12

WebGL is nice and asynchronous in that you can send off a long list of rendering commands without waiting for them to complete. However, if for some reason you do need to wait for the rendering to complete, you have to do it synchronously with gl.finish(). Surely it would be better if gl.finish accepted a callback and returned immediately?

Question: Is there any way to emulate this reliably?

Usage case: I am rendering a large number of vertices to a large off-screen canvas and then using drawImage to copy sections of this large canvas to small canvases on the page. I don't actually use gl.finish() but drawImage() seems to have the same effect. In my application, re-rendering is only triggered when the user performs an action (e.g. clicking a button), and it may take several hundred milliseconds. It would be nice if during rendering the browser was still responsive allowing scrolling etc. I am looking in particular for a Chrome solution, though something that also works in Firefox and Safari would be good.

Possible (bad) answer: You could try and estimate how long rendering is going to take and then set a timeout that begins with the call to gl.finish(). However, reliably doing this estimation for all sizes of vertex buffer and all users is going to be pretty tricky and inaccurate.

Possible (non-)answer: requestAnimationFrame does what I'm looking for...it doesn't though, does it?

Possible answer in 2018: Perhaps the ImageBitmap API solves this problem - see MDN docs.

3
  • There is no way you could render it from same page, with 'async' gl.finish() as there is no async version. If drawing off-screen image is something considered 'heavy' then you could use Web Worker to generate it, and then just postMessage back with such image, and draw it to canvas. That would slightly save performance, still drawing have to be sync. Reducing resolution of canvas might speed up it as well. – moka Jul 29 '13 at 10:42
  • @MaksimsMihejevs - rendering an image from a web worker would be asynchronous but it would be using the CPU not the GPU, so it will be much slower. (You cant access WebGL from WebWorkers.) – dan-man Jul 29 '13 at 14:12
  • I've been talking more about canvas 2d context, as you mentioned drawImage. – moka Jul 29 '13 at 15:57
5

You've already partially hit on your answer: drawImage() does indeed have finish-like behavior in that it forces all outstanding drawing commands to complete before it reads back the image data. The problem is that even if gl.finish() did what you wanted it to, wait for rendering to complete, you would still have the same behavior using it as you do now. The main thread would be blocked while the rendering finishes, interrupting the user's ability to interact with the page.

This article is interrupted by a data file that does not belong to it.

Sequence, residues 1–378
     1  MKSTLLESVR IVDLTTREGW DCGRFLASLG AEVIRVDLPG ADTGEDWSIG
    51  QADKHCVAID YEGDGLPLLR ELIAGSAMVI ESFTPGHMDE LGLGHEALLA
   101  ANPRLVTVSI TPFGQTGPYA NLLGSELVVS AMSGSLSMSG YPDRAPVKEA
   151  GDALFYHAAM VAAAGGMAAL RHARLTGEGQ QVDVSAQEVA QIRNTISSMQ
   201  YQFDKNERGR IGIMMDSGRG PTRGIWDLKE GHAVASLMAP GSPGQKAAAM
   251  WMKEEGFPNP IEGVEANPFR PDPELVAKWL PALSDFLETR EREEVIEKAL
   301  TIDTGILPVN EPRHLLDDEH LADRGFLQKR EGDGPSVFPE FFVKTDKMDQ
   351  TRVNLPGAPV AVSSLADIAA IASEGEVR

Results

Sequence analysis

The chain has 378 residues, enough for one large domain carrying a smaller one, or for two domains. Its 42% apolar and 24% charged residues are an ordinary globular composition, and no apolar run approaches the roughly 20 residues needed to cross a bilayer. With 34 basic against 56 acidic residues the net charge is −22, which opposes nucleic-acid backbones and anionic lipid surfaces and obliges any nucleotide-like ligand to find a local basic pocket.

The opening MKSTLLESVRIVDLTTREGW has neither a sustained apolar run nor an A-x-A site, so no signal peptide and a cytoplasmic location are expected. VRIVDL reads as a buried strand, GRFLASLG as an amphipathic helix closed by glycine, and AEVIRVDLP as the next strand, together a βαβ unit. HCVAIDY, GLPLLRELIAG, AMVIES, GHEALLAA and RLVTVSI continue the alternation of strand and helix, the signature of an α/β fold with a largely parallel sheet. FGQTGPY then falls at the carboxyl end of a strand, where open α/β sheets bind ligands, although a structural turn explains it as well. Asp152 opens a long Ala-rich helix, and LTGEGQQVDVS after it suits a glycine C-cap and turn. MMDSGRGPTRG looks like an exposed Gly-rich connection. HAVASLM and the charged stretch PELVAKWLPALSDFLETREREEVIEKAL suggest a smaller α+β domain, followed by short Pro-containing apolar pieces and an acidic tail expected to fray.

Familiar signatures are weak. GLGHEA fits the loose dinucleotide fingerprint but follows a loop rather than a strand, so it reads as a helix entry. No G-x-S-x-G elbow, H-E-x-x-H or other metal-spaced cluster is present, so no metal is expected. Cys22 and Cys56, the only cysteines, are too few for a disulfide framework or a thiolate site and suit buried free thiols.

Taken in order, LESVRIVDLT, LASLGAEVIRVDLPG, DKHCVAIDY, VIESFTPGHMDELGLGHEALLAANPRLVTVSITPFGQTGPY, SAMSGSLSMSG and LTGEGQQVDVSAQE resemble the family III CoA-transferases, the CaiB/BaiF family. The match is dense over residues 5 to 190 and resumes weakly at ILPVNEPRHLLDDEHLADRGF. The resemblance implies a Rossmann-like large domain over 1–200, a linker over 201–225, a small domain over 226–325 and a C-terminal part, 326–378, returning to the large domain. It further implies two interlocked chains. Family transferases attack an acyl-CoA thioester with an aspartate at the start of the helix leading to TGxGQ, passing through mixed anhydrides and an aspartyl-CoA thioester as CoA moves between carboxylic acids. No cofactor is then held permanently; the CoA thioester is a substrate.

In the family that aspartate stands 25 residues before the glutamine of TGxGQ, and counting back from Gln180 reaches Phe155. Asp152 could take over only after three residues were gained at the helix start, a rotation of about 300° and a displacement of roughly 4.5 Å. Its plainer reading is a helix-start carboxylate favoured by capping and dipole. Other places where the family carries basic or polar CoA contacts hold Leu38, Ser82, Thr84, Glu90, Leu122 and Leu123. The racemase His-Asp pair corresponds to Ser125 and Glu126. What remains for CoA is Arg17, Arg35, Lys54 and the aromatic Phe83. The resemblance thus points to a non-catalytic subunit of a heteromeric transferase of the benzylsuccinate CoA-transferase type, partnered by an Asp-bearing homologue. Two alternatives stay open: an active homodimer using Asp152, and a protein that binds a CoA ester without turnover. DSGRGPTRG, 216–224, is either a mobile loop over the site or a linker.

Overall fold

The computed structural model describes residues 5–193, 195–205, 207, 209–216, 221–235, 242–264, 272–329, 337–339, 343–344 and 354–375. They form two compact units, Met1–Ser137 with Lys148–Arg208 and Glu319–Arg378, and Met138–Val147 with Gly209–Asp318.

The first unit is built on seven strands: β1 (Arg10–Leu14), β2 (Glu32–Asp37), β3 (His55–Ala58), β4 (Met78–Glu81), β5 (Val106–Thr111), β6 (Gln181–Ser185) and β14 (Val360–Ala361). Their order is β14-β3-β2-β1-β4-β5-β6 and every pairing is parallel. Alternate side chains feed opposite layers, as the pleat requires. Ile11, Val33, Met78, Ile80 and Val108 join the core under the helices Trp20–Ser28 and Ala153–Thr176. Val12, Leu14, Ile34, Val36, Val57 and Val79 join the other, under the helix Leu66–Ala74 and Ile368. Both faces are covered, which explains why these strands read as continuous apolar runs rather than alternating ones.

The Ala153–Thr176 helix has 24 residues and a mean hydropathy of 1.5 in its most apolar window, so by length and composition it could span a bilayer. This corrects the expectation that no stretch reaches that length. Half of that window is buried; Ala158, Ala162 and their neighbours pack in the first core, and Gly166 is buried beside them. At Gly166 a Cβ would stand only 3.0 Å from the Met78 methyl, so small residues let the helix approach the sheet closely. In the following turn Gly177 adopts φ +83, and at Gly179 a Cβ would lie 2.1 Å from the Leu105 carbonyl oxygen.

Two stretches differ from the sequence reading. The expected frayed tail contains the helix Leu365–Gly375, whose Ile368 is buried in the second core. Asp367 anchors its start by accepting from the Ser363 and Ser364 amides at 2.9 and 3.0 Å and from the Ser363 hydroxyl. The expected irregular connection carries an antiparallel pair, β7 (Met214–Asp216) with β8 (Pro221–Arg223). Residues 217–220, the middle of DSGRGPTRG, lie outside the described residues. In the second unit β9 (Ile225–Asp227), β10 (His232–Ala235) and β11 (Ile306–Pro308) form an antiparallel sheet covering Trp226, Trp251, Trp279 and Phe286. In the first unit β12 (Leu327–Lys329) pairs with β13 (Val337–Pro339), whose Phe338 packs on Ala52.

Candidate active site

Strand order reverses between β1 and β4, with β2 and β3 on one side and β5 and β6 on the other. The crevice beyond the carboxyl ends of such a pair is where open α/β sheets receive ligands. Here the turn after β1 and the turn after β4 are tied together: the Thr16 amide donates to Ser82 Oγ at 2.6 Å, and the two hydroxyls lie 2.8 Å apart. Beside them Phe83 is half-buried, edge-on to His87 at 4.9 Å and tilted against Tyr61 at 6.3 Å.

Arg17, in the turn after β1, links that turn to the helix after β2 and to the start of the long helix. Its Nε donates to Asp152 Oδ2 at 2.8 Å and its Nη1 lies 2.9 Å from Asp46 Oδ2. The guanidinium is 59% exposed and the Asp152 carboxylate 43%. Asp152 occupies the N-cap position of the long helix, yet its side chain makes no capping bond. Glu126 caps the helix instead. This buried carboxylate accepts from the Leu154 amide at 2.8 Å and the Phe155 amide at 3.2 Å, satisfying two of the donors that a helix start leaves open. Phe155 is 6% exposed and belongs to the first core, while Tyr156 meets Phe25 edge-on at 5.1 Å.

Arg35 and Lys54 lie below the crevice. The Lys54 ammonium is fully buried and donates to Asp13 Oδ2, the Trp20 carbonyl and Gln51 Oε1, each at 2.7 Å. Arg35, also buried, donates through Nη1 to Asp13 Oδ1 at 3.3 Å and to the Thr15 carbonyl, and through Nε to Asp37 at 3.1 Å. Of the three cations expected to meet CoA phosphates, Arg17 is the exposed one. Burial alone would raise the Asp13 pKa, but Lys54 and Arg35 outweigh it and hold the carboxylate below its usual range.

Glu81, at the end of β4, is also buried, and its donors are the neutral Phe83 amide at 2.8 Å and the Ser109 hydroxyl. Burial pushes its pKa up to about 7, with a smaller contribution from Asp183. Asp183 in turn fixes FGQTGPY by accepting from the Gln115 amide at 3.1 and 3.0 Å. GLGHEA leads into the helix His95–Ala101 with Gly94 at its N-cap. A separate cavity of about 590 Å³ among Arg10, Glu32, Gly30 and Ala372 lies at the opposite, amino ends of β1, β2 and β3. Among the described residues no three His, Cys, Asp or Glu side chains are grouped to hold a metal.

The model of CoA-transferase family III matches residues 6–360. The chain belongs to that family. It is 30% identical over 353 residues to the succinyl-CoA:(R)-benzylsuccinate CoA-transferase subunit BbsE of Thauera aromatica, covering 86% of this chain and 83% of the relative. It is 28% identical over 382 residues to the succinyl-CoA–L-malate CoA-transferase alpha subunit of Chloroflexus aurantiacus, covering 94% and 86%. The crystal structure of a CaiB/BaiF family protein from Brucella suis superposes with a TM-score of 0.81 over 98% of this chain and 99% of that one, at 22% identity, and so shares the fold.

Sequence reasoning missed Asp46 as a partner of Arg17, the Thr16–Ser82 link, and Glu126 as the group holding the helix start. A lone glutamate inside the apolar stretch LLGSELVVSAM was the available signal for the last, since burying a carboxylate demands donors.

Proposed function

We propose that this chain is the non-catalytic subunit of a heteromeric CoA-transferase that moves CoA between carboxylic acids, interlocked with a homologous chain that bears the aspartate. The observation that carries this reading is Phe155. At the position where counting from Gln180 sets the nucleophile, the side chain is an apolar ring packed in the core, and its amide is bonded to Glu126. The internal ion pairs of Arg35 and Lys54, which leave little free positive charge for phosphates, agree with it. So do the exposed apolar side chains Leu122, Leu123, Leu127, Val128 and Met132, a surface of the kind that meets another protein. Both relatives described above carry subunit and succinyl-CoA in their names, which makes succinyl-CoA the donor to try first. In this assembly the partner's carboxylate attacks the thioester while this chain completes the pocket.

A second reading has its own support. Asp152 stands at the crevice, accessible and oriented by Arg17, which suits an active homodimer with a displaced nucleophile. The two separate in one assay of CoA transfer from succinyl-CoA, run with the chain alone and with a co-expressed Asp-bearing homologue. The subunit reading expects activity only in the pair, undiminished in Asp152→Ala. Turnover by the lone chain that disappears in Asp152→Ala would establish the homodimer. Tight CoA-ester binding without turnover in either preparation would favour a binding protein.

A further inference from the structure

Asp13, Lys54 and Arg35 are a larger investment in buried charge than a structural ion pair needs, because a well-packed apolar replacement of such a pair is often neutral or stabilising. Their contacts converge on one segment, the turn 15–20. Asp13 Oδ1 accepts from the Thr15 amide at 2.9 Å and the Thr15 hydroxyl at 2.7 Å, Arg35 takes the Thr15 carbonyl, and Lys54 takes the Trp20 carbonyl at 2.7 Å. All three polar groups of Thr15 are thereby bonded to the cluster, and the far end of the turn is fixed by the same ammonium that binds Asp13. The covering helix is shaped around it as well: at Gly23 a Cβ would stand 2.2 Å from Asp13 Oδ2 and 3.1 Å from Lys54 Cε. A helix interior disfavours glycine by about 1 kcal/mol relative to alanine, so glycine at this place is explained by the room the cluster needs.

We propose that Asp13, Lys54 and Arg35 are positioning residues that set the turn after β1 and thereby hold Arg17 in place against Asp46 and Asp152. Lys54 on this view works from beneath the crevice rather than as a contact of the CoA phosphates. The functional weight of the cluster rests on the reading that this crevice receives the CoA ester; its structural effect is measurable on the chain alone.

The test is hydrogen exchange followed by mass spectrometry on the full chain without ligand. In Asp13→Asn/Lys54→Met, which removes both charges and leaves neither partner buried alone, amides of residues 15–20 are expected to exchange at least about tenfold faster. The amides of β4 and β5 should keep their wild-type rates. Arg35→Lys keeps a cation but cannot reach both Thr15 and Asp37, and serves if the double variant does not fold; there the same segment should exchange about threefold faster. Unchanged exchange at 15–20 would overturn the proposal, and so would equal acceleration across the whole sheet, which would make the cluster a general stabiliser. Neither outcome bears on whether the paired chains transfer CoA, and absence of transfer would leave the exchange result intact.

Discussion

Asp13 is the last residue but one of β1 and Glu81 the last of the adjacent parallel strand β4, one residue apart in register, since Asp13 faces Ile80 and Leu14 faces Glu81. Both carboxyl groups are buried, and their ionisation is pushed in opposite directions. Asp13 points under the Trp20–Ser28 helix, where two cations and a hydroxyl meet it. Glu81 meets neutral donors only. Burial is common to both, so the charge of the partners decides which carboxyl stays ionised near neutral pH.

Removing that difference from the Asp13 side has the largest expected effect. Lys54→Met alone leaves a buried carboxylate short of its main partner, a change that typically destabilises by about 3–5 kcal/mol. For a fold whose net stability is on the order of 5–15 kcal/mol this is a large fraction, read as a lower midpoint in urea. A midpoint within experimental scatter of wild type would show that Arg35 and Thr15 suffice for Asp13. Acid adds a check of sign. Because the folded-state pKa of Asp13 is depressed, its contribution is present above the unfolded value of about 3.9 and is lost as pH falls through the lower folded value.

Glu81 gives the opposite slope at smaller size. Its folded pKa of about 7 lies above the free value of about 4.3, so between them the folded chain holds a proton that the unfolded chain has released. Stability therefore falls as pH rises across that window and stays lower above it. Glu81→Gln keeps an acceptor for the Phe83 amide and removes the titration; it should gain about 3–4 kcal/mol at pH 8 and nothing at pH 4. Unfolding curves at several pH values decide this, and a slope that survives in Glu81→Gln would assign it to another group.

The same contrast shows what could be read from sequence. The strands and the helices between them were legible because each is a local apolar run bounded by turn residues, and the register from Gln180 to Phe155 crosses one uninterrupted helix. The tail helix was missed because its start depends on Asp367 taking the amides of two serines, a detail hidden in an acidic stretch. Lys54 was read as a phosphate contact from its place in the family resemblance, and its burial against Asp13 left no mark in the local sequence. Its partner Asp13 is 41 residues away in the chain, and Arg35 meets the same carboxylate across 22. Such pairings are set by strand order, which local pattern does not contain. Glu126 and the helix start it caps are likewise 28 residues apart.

Ideally what you would want in this scenario is some sort of callback that indicates when a set of draw commands have been completed without actually blocking to wait for them. Unfortunately no such callback exists (and it would be surprisingly difficult to provide one, given the way the browser's internals work!)

A decent middle-ground in your case may be to do some intelligent estimations of when you feel the image may be ready. For example, once you have dispatched your draw call spin through 3 or 4 requestAnimationFrames before you call drawImage. If you consistently observe it taking longer (10 frames?) then spin for longer. This would allow users to continue interacting with the page normally and either produce no delay when doing the draw image, because the contents have finished rendering, or much less delay because you do the synchronous step mid-way through the render. Depending on the intended usage of your site non-realtime rendering could probably even stand to spin for a full second or so before presenting.

This certainly isn't a perfect solution, and I wish I had a better answer for you. Perhaps WebGL will gain the ability to query this type of status in the future, because it would be valuable in cases like yours, but for now this is likely the best you can do.

1
  • I've just read your webgl 2.0 post. Would I be right in thinking that sync objects would solve the problem here? – dan-man Sep 20 '13 at 13:21

Your Answer

By clicking “Post Your Answer”, you agree to our terms of service, privacy policy and cookie policy

Not the answer you're looking for? Browse other questions tagged or ask your own question.